News - February 7, 2013

Groen: 'Cherish your dissidents'

'Managers become lazy if there's no resistance.'
University consultations with students need to be more meaningful.

Wageningen UR should have the courage to be more open to critical reflection and listen to the 'dissidents' within the organization. That was the key message that education and research director Ab Groen put across in his farewell lecture on 24 January.
Groen was not afraid to reflect on the directors present in the room. For instance, he said it was 'hilarious' that university directors and researchers advocate autonomy and self-monitoring 'in view of the recent failures in self-monitoring in the case of directors' pay and scientific fraud.'
Such contradictions raise the suspicions of the general public. Groen thinks that you can only change this by paying more attention to the individual motivations of students and researchers. He is against the abolition of the basic grant, selective admissions and setting up so-called honours programmes. Such measures are turning the universities into 'Humboldt institutions' - ivory towers - whereas they should be developing into networking knowledge institutions.
Universities also need to make sure they do not lose contact with the students. 'The biggest challenge for universities now is to be aware of the trends among young people.' He mentions the use of IT as an example. 'A lecturer found it irritating that students were messing around with Facebook and Twitter during practicals. I don't agree. Sixty percent of new students have mobile internet. So it should be the other way around - the lecturer should start tweeting with them instead. Wageningen University should invest more in the use of social media in the learning environment so you are giving enough support to the IT trendsetters among the students.'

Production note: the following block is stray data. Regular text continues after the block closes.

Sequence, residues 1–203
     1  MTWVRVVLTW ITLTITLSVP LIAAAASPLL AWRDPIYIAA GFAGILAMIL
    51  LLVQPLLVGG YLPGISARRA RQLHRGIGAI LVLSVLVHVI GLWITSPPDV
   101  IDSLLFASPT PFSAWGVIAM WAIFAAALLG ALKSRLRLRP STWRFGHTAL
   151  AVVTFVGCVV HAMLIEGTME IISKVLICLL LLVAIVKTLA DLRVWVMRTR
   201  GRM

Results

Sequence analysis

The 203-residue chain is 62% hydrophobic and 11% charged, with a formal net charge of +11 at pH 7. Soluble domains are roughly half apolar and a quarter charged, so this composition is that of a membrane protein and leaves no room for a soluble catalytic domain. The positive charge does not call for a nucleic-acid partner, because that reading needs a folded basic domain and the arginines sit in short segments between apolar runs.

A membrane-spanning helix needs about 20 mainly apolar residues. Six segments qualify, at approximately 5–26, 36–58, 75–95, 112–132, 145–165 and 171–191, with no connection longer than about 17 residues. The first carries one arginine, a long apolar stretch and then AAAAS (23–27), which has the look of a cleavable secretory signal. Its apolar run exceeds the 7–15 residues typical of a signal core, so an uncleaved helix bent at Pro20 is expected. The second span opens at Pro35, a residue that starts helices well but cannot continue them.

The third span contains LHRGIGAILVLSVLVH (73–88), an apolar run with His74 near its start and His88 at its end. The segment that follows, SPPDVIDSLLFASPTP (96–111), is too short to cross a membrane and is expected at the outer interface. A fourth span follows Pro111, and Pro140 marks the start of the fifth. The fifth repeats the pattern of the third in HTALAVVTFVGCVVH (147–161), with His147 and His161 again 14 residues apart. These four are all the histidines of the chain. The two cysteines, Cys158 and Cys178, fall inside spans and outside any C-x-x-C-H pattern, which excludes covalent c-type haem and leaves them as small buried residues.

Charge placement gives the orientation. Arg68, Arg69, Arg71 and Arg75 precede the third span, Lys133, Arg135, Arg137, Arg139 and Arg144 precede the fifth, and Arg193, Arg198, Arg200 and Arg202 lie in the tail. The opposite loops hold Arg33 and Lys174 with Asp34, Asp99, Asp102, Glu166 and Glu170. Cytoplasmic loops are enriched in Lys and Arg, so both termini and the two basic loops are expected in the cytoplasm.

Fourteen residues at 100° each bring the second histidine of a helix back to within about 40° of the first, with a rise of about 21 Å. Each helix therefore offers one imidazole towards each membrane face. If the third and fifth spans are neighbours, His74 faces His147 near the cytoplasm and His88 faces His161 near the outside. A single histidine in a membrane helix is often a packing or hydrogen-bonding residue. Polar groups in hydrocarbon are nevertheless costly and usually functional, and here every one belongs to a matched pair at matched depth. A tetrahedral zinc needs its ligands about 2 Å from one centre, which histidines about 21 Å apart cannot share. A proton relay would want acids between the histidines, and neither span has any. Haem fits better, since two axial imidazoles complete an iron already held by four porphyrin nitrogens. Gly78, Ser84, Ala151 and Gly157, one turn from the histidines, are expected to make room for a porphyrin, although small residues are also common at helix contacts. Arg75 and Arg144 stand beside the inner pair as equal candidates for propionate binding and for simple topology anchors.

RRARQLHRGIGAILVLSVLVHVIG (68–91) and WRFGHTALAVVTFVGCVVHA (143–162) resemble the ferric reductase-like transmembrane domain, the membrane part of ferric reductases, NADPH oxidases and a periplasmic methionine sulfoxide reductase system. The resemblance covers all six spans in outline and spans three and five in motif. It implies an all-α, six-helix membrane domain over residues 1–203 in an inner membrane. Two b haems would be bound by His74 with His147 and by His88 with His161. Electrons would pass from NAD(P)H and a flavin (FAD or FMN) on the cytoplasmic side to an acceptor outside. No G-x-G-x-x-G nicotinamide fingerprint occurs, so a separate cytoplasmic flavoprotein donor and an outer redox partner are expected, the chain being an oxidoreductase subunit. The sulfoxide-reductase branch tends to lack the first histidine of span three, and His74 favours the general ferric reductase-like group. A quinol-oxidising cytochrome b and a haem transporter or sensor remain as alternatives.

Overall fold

That is why you need a structural dialogue between the university and its students 'starting with the acknowledgement that young people should have a say,' argues Groen. He feels consultations between the board and the student council are too much of a ' formal exercise' without 'the intrinsic willingness to discuss key policy decisions.'
The university directors should organize such questioning of its policy themselves, says Groen, who acted as an advisor to the board for the past seven years. 'Make sure there is sufficient critical reflection.' He says managers become lazy if they aren't confronted with resistance or dissidents, or else they think they can get away with anything. 'A strong organization is prepared to make room for dissidents because they improve the quality of the decision-making process.' According to Groen, it is those very critics who throw a different light on matters and who can expose the weak points in policy choices. 'We must have the courage to have honest differences of opinion. There needs to be a culture grounded in commitment and creativity in which staff feel safe to take risks and take action. Resistance is about voicing your own views and seeking links with others based on your own sense of worth.'
From Wageningen UR To Helicon
Ab Groen has spent more than 30 years at Wageningen University, first as a student and then as a lecturer in the Animal Breeding and Genetics group and later head of teaching within Animal Sciences. He has spent the last seven years as director of Corporate Education, Research & Innovation at Wageningen UR. As of 1 February, he will be chairman of the board of Helicon, a centre for pre-vocational and vocational agricultural education.